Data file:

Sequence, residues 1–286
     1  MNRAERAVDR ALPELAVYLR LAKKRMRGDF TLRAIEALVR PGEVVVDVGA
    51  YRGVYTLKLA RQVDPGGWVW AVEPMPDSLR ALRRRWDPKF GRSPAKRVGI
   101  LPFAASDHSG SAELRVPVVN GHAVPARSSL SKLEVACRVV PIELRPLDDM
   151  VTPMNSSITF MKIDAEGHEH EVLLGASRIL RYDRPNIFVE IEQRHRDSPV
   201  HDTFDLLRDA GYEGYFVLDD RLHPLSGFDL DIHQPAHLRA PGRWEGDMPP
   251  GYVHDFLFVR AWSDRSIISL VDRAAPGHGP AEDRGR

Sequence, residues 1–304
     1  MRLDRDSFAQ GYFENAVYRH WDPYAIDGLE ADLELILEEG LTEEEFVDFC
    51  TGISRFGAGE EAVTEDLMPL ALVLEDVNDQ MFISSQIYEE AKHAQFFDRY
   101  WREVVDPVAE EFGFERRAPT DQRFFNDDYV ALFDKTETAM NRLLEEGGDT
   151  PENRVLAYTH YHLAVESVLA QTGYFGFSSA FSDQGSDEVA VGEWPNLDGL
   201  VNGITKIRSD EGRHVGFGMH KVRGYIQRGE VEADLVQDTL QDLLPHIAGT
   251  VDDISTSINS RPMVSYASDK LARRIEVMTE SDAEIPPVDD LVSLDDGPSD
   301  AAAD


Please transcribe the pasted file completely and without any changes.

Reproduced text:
Sequence, residues 1–286
     1  MNRAERAVDR ALPELAVYLR LAKKRMRGDF TLRAIEALVR PGEVVVDVGA
    51  YRGVYTLKLA RQVDPGGWVW AVEPMPDSLR ALRRRWDPKF GRSPAKRVGI
   101  LPFAASDHSG SAELRVPVVN GHAVPARSSL SKLEVACRVV PIELRPLDDM
   151  VTPMNSSITF MKIDAEGHEH EVLLGASRIL RYDRPNIFVE IEQRHRDSPV
   201  HDTFDLLRDA GYEGYFVLDD RLHPLSGFDL DIHQPAHLRA PGRWEGDMPP
   251  GYVHDFLFVR AWSDRSIISL VDRAAPGHGP AEDRGR

Sequence, residues 1–304
     1  MRLDRDSFAQ GYFENAVYRH WDPYAIDGLE ADLELILEEG LTEEEFVDFC
    51  TGISRFGAGE EAVTEDLMPL ALVLEDVNDQ MFISSQIYEE AKHAQFFDRY
   101  WREVVDPVAE EFGFERRAPT DQRFFNDDYV ALFDKTETAM NRLLEEGGDT
   151  PENRVLAYTH YHLAVESVLA QTGYFGFSSA FSDQGSDEVA VGEWPNLDGL
   201  VNGITKIRSD EGRHVGFGMH KVRGYIQRGE VEADLVQDTL QDLLPHIAGT
   251  VDDISTSINS RPMVSYASDK LARRIEVMTE SDAEIPPVDD LVSLDDGPSD
   301  AAAD